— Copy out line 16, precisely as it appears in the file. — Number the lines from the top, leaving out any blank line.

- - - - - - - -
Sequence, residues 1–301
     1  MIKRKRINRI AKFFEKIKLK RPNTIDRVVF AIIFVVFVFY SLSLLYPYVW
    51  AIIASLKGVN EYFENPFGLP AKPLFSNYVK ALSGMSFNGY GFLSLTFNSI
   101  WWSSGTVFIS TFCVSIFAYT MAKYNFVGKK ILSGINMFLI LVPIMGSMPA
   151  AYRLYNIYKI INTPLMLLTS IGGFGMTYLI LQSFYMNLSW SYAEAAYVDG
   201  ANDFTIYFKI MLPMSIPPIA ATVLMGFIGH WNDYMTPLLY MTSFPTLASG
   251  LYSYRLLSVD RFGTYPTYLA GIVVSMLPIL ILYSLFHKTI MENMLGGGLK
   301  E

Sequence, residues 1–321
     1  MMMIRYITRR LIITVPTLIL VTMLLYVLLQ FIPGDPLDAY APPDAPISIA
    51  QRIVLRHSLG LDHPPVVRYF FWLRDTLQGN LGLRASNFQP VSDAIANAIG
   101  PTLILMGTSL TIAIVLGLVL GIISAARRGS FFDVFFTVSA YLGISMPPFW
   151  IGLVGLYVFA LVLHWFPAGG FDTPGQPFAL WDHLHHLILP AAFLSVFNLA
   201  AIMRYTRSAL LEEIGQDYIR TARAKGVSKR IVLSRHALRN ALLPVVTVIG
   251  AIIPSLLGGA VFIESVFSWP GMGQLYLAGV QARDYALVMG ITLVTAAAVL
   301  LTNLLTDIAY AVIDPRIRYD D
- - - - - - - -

   301  LTNLLTDIAY AVIDPRIRYD D